Saudi Arabia and Iraq have long had a complex relationship, at times vying for positions of leadership in the Arab World and often closely influenced by each country’s stance toward other powers, notably Iran. After tense relations following the Iraqi invasion of Kuwait in 1990, the relationship became closely tied to Iranian influence in Iraqi affairs after the US invasion of Iraq in 2003. Today, both countries have taken steps to improve bilateral relations, which remains crucial for the regional order and for Iraqi domestic politics.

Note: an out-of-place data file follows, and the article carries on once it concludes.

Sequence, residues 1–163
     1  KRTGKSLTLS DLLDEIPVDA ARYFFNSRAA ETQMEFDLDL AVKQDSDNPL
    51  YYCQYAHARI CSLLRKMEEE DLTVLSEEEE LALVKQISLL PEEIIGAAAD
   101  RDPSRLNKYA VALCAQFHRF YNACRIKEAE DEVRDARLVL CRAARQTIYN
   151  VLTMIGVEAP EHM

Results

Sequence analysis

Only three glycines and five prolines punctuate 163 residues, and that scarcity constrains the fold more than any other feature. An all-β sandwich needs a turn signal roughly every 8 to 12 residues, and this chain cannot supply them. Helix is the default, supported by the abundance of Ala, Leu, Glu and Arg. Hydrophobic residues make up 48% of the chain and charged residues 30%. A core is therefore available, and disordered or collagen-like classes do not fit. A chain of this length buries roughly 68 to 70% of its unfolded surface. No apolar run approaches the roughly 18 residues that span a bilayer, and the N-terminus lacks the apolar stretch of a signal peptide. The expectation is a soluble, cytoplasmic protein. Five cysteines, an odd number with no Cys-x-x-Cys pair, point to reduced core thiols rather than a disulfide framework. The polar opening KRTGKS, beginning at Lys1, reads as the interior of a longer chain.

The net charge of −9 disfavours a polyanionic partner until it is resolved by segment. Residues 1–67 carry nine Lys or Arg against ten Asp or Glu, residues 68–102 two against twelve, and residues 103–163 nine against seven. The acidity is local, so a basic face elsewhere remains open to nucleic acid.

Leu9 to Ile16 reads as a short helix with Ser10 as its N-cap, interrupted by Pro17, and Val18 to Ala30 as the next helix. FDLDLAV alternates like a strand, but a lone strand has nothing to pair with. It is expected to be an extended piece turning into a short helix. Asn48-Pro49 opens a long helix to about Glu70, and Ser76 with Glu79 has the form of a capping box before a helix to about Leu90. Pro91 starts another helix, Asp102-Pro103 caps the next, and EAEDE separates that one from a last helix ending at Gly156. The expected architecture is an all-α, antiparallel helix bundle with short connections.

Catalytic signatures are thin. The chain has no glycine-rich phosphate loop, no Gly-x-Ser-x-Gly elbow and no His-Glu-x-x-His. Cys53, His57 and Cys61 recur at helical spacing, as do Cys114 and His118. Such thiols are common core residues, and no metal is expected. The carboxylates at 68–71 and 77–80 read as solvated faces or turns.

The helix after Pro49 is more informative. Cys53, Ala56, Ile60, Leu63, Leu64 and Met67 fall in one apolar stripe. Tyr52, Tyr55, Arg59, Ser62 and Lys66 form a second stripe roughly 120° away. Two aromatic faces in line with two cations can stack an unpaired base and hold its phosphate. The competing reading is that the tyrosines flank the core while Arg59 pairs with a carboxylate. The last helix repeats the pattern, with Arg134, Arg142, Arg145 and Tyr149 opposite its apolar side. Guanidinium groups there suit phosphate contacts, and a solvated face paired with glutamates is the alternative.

On February 9, the Center for Middle East Policy at Brookings hosted an event to discuss this important relationship and its implications for American interests.
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Former Brookings Expert
Resident Scholar - AEI
Senior Fellow - Foreign Policy, Center for Middle East Policy, Strobe Talbott Center for Security, Strategy, and Technology
Director - The Intelligence Project
Author - A Self-Fulfilling Prophecy: The Saudi Struggle for Iraq
Adjunct Professor - Center for Security Studies, Georgetown University
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